But, what leads him to conclude that classifying all governments under the general heading “secular entities” is good and proper? Is this a biblical distinction that he provides his readers or an experiential one?

It would seem that the best policy at this point is to make sure that our definitions of “institute,” “religious” and “secular” are properly defined. The definitions shall be drawn from Merriam-Webster’s Collegiate Dictionary of 2008:

  • “institute—to establish in a position or office…to originate and…establish.
  • religious—relating to or manifesting faithful devotion to an acknowledged ultimate reality or deity.
  • secular—of or relating to the worldly or temporal [concerns]…not overtly or specifically religious.”5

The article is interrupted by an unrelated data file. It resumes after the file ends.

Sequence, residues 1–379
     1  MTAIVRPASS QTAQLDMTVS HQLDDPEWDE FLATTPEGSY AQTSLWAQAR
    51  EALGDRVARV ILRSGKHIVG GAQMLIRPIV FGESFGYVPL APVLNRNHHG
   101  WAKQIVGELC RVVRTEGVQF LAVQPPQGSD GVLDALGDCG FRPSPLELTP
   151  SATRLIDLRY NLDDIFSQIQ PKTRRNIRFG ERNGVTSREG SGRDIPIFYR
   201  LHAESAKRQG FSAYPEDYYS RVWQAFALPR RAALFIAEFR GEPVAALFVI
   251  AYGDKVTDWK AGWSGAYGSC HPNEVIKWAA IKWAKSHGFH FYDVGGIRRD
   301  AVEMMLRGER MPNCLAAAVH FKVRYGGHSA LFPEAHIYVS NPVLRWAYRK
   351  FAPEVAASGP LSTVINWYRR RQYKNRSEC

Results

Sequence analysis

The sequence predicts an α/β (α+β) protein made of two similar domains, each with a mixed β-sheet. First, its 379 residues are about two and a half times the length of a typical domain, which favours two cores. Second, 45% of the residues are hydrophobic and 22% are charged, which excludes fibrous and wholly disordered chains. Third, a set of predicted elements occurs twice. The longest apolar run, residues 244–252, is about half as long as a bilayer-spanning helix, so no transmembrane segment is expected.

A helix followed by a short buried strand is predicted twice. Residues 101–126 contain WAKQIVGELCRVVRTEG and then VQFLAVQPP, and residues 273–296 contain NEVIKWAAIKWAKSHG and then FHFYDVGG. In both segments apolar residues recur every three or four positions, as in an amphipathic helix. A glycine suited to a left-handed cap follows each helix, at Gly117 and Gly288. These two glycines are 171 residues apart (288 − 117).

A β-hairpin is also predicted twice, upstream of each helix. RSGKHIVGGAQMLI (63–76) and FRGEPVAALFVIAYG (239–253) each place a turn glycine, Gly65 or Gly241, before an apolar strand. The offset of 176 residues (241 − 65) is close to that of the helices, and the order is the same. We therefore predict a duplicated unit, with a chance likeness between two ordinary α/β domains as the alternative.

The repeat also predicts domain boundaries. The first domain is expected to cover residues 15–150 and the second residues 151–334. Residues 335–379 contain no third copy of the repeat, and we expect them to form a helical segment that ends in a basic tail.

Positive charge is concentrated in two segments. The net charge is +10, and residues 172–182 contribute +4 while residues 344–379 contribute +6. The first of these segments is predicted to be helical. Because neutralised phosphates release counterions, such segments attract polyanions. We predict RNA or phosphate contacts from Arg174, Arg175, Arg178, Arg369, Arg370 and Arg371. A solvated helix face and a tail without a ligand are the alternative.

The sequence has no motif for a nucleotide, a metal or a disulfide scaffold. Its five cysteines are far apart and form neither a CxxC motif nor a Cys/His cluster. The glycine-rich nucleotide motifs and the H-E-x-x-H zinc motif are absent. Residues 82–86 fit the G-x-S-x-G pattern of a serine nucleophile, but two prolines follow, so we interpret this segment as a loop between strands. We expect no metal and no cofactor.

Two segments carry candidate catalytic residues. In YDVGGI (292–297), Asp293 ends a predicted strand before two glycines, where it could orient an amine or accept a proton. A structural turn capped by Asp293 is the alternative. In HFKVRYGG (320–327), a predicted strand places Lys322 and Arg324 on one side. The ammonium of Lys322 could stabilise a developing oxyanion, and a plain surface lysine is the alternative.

What are we to make of these definitions? We know from Romans 13, as well as other places (see Jer 18.7-10; Dan 2.21; 4.17; Prov 8.15-16), that God is the author of civil governments. He has established the institution and office. In fact, if we read a little further in Romans 13 we see that those that fill the office of leadership in the civil sector are called ministers of God three times (vv. 4 {2x}, 6). To what end? The institution and office of civil government is given two key roles in society: “1) They are “a minister of God to you for good”; 2) They are “a minister of God, an avenger who brings wrath on the one who practices evil.” Thus, they do “not bear the sword [of judgment] for nothing” for the civil sector’s responsibility is to uphold justice, protecting the good from the evil, by purging the evil doer (if necessary) from the midst of civil society.